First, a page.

- Wider audience. With 400M+ users, Facebook has a broad range of users, and ultimately, we’re all much more connected than on voting sites. I’m definitely more connected to other users on Twitter than I ever was on Digg or other social voting and bookmarking sites.
- Ease of sharing. It’s easy to share content from a range of topics and have someone re-share it, on both Twitter and Facebook. Facebook even gives you a nice little snapshot of what to expect. That means more people are likely to share interesting content.With voting sites, before voting buttons were available for placing on blogs, if you wanted votes, you had to convince someone to sign up for one or more social voting/ bookmarking sites. The probability of success was low then and I’m not even sure it’s that great now, even with the availability of voting buttons. Now, even if friends did sign up, getting them to spend time daily checking on Digg to see if you needed a vote or ten was an uphill battle. If you voted too fast as a group, or if the same people voted en masse, or if you frowned at Digg the wrong way, Digg might punish you — unless you were one of maybe 10-15 sites that seemed untouchable.
- Better viral infrastructure. Facebook doesn’t the restrictions Digg imposed, when it comes to sharing content, nor does Twitter. As such, interesting content can go viral sooner, and having the shortest viral loop is crucial for content to become viral. Even just a half-dozen retweets in short order of shared content can help bring in Web traffic and thus be a more valuable approach than using a voting site full of rules. If you cross-promote on Twitter and Facebook, without managing to p*ss off your friends/ followers, the potential for the success of Web content is even higher.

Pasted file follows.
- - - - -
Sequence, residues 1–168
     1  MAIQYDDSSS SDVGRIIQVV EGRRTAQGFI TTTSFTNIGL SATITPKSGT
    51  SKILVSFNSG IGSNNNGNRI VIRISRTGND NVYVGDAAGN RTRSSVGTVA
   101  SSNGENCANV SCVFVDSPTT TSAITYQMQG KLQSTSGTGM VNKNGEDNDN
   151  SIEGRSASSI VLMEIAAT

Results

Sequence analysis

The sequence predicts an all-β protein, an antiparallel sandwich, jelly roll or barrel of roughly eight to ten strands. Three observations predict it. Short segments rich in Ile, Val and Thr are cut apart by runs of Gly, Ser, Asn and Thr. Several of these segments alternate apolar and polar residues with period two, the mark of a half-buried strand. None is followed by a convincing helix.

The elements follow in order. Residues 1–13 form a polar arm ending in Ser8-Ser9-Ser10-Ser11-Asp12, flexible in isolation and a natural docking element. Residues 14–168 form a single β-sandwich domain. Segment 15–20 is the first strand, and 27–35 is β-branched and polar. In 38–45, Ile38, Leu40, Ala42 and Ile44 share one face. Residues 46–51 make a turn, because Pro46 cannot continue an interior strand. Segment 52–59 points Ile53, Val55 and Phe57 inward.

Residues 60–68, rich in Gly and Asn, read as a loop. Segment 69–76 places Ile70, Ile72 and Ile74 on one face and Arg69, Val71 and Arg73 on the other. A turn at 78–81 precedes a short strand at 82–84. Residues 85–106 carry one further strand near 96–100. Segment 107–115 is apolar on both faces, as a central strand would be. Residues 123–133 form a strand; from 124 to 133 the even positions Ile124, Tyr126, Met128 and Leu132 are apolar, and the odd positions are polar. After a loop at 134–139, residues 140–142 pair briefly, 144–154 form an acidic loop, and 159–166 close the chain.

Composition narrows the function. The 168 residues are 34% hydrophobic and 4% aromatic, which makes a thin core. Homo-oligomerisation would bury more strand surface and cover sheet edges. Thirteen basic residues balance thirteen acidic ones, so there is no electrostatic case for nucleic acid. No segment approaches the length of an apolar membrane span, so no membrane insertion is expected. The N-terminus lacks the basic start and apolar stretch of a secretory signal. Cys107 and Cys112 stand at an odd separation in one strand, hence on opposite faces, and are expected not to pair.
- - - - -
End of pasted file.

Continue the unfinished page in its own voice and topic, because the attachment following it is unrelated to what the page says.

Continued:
The Return of Digg?
But Digg has been reinvented. Founder Kevin Rose is at the helm again, and there are a slew of new features, many of which are “social.” I’m not going to get into all of them, but the relevant stuff is that you can import your social graphs from Facebook and Twitter. You can also log in with your Facebook profile, though I believe that was there before Digg 4.0’s release. You can also import contacts from GMail, Yahoo Mail, Hotmail and AOL, though I don’t know when these features were added. The other features of Digg 4.0 (which by the way is not live yet) are described in a recent Techcrunch post, but as many people are saying, they seem to be copying some of the better features of Twitter and Facebook?
Will these features be enough to bring lost users, especially bloggers, to Digg? I’m willing to keep an open mind, though don’t have the time to invest again. But before completing this post, I thought I’d synchronize my original Digg account with my Facebook account, in preparation for Digg 4.0 going live. Unfortunately after going through three or four registration screens, I got a “Yikes, we just had an error.”
The voting/ bookmarking flavors of Social Media can still work, provided you follow some simple tips, but I’m not sure Digg will be in my arsenal anymore. Me, I’m sticking to Twitter, Facebook, Stumbleupon, Delicious and a few others. Still, if you ask me to Digg and I like the content, I probably will. You can add me on Facebook; just remember to make a mention of why you’re adding in the message area or I’ll ignore the add.